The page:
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  1. More than half of osteoporosis cases go undiagnosed
  2. With vaccine supply stretched thin, Brazil faces yellow fever outbreak
  3. Early prostate cancer diagnosis: can Theresa May’s plan mimic results in Japan?
  4. Burden of chronic lymphocytic leukemia is disproportionately higher in men
  5. Adolescent depressive episodes are increasing in the US, but treatment is lacking

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Availability of the HPV vaccine is improving in China

Cervical cancer is a significant health concern that accounted for 239,000 deaths worldwide in 2015. While global incidence rates of cervical cancer are decreasing, it remains the most commonly diagnosed female cancer in 11 countries. Human papilloma virus (HPV) infections are the major cause of cervical cancer.

More than half of osteoporosis cases go undiagnosed

Osteoporosis has become a highly prevalent disease in the world today as the average lifespan has improved. Modifiable and non-modifiable risk factors have also grown, contributing to the increasing rates of osteoporosis seen globally.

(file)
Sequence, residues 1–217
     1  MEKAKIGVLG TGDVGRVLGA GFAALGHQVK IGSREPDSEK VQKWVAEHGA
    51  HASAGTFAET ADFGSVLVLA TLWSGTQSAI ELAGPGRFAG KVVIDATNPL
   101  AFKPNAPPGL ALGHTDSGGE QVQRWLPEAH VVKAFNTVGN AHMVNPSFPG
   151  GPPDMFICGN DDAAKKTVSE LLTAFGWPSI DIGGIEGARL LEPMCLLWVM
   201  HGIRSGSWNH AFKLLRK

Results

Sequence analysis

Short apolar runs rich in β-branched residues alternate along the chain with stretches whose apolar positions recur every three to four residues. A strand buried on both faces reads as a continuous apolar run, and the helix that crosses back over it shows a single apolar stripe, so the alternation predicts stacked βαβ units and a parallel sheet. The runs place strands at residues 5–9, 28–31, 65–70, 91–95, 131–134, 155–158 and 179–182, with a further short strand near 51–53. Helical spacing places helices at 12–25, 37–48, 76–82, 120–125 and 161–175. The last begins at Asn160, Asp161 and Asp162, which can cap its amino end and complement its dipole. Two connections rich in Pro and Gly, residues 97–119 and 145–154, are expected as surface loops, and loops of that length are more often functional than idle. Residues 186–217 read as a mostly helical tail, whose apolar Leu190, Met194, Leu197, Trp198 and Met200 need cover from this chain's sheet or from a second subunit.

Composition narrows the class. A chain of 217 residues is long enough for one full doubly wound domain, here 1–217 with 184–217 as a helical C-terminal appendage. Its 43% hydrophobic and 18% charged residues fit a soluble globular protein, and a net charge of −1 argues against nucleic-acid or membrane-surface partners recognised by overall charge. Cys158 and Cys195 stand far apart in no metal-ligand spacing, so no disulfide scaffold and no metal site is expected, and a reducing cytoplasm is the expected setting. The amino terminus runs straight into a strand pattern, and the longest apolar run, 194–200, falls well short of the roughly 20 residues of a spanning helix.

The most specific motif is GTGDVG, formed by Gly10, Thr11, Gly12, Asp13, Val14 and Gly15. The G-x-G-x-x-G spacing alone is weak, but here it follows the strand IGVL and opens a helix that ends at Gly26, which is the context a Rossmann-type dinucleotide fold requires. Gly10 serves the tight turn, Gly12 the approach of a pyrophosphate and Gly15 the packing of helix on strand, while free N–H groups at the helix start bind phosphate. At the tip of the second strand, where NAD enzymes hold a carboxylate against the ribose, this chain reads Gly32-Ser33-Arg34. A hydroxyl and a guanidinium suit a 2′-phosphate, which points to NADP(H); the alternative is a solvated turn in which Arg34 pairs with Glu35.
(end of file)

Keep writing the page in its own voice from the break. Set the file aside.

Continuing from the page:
Early prostate cancer diagnosis: can Theresa May’s plan mimic results in Japan?

On April 10, 2018, UK Prime Minister Theresa May announced a £75M (approximately $106M) investment into prostate cancer diagnosis and research. The plan aims to focus on early diagnosis in men in high-risk groups, including black men, men ages 50 and over, and men with a family history of the disease. The UK appears to be following the lead of Japan, where prostate cancer is typically diagnosed at an earlier stage compared with the other markets analysed by GlobalData.

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